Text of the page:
Possible risks: Abies species and other conifers are economically important forest and amenity trees in the EPPO region. Before 2009, there was no documented information on P. proximus in Siberia and it was generally believed that it could not develop on A. sibirica. The observation of two large outbreaks in Siberia (now covering 30 000 ha) in the taiga forest have clearly demonstrated that P. proximus could enter into new areas and damage species other than those reported in its native range. Although the pathway of introduction of P. proximus is not known, it is supposed that it has been introduced into Siberia during the mid-1990s with wood from the Far East. The possibility that P. proximus may transfer pathogenic fungi (e.g. Ophiostoma spp.) to living trees also adds to the risk. The aggressive and invasive behaviour observed in the forests of European Russia and Siberia indicate that P. proximus has the potential to becomea serious pest of firs and possibly other conifers in the EPPO region and that it is desirable to prevent its further spread.
Akulov EN, Kulinich OA, Ponomarev VL (2011) Polygraphus proximus – new invasive pest of Russian coniferous forests. Zashita i Karantin Rastenii no 7, p 34-35.
Chilakhsaeva EA (2008) First record of Polygraphus proximus (Coleoptera: Scolytidae) in Moscow province. Bulletin of the Moscow Society of Naturalists 113(6), 39-42.
Chilahsaeva EA (2010) Genus Polygraphus Erichson, 1836 (Coleoptera, Scolytidae): species of Moscow region fauna survey. Bulletin of the Moscow Society of Naturalists 115(3), 48-50.
Gninenko YI, Cheelakhsaeva EA, Klukin MS (2010) New risk for European forests - ussuryjsky bark beetle Polygraphus proximus. Proceedings of the first Serbian forestry Congress - Future with Forests (Belgrade, SR, 2010-11-11/13), pp 171–172.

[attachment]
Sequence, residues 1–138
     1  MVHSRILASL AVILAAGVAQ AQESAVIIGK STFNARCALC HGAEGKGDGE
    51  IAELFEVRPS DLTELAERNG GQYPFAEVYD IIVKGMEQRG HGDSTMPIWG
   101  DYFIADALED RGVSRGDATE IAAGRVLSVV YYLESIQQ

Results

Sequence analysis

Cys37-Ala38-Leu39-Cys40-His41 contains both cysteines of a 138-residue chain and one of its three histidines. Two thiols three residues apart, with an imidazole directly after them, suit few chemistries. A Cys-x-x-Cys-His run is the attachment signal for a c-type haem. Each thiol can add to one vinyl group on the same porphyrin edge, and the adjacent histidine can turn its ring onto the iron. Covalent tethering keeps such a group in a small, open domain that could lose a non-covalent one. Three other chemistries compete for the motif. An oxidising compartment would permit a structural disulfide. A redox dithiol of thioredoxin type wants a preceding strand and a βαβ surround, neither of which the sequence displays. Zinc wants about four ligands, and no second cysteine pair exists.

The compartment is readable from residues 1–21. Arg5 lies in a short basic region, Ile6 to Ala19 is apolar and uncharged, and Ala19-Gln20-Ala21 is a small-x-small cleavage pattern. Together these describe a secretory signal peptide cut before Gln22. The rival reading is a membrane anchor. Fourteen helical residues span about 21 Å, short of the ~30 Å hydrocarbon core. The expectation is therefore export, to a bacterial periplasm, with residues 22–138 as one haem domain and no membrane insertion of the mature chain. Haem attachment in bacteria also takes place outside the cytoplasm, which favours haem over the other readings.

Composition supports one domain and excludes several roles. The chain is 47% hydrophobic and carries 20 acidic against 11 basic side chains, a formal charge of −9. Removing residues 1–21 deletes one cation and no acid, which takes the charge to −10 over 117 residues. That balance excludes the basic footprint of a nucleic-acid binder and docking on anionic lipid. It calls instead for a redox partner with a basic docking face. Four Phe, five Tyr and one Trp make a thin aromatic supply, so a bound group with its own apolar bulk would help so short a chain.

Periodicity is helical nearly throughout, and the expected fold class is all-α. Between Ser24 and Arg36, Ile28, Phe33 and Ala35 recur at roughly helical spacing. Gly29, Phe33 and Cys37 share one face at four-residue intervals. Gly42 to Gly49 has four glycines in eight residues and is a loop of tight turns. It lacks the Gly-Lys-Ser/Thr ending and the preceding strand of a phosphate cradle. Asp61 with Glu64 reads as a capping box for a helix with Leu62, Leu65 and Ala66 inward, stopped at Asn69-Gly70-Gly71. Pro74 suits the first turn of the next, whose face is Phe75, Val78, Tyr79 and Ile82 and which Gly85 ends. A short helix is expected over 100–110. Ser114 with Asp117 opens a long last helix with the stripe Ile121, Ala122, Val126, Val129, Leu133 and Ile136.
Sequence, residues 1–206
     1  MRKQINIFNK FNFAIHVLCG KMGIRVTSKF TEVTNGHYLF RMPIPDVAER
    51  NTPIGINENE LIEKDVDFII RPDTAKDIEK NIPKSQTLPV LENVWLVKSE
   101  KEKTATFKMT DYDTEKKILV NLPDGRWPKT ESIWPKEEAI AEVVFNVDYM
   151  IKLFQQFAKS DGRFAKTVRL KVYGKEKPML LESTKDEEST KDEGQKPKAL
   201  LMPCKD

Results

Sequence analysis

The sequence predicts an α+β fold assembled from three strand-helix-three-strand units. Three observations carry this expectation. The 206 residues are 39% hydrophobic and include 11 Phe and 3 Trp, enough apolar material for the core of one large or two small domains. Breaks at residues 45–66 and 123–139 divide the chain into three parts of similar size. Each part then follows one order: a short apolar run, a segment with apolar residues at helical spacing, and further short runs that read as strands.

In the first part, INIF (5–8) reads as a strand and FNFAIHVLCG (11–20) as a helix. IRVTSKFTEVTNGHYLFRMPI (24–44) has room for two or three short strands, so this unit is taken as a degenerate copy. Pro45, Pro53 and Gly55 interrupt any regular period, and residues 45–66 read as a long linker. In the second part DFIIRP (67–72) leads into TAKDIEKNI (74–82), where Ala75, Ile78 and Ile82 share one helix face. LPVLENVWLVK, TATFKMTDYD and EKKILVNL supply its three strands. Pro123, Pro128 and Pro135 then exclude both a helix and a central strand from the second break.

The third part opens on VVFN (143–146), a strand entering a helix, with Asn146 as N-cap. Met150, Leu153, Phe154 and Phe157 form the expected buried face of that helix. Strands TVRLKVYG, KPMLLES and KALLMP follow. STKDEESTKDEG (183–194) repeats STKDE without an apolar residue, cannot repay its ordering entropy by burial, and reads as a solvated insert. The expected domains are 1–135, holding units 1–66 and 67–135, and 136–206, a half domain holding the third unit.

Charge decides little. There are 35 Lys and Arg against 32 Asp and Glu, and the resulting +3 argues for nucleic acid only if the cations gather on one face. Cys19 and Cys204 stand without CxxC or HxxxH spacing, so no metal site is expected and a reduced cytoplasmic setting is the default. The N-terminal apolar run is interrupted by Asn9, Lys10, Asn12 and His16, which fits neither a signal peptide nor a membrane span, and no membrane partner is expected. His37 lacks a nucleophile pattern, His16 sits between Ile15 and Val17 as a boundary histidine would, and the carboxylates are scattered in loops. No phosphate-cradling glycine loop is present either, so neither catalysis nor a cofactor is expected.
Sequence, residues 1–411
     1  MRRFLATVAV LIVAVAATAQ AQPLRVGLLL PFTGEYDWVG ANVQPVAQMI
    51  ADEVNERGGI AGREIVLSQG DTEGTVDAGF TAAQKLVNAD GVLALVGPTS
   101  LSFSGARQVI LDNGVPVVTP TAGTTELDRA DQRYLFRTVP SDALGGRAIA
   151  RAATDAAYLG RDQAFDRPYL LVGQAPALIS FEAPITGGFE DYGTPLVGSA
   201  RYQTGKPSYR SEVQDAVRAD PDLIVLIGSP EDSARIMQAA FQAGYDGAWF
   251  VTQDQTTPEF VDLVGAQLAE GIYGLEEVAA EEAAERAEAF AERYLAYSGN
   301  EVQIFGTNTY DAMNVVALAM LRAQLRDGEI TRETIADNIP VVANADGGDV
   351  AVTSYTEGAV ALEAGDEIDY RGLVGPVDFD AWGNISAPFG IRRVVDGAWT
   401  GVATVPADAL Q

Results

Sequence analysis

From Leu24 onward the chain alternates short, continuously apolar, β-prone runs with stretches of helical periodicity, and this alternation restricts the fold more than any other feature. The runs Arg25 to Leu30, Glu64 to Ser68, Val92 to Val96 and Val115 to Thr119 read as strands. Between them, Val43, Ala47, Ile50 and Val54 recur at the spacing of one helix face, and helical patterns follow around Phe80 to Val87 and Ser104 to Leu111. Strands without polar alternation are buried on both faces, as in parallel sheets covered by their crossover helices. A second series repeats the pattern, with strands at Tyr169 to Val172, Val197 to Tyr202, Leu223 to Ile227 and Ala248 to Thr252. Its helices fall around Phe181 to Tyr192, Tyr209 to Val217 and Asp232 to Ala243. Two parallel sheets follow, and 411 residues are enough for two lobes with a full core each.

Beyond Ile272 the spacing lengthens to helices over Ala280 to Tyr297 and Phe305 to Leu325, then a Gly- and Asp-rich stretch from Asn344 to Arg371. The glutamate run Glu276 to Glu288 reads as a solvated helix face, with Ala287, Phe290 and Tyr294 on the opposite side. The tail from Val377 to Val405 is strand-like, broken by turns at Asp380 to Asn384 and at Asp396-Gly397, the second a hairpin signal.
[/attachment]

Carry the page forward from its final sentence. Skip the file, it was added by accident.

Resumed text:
Ohtaka N, Masuya H, Kaneko S, Yamaoka Y (2006) Two new Ophiostoma species lacking conidial states isolated from bark beetles and bark beetle-infested Abies species in Japan. Canadian Journal of Botany 84(2), 282-293.
Pashenova NV, Baranchikov YN, Petko VM (2011) Invasive Ophiostomataceae fungi from the holes caused by Polygraphus proximus. Zashita i Karantin Rastenii no. 6, 31-32.
Tokuda M, Shoubu M, Yamaguchi D, Yukawa J (2008) Defoliation and dieback of Abies firma (Pinaceae) trees caused by Parendaeus abietinus (Coleoptera: Curculionidae) and Polygraphus proximus (Coleoptera: Scolytidae) on Mount Unzen, Japan. Applied Entomology and Zoology 43(1), p. 1-10.
Baranchikov Y, Akulov E, Astapenko S (2010) Bark beetle Polygraphus proximus: a new aggressive far eastern invader on Abies species in Siberia and European Russia. USDA Research Forum on Invasive Species GTR-NRS-P-75 http://www.treesearch.fs.fed.us/pubs/37559
Chilahsaeva EA (2011) List of bark beetles (Scolytidae) of some regions of the European part of Russia. Polygraphus proximus Blandford, 1894 (Scolytidae) http://www.zin.ru/Animalia/Coleoptera/eng/polpro__.htm
Linnakoski R (2011) Bark beetle-associated fungi in Fennoscandia with special emphasis on species of Ophiostoma and Grosmannia. Dissertationes Forestales 119, 74 pp. Available at: http://www.metla.fi/dissertationes/df119.pdf
EPPO RS 2011/216
|Panel review date 2013-03||
Entry date 2011-10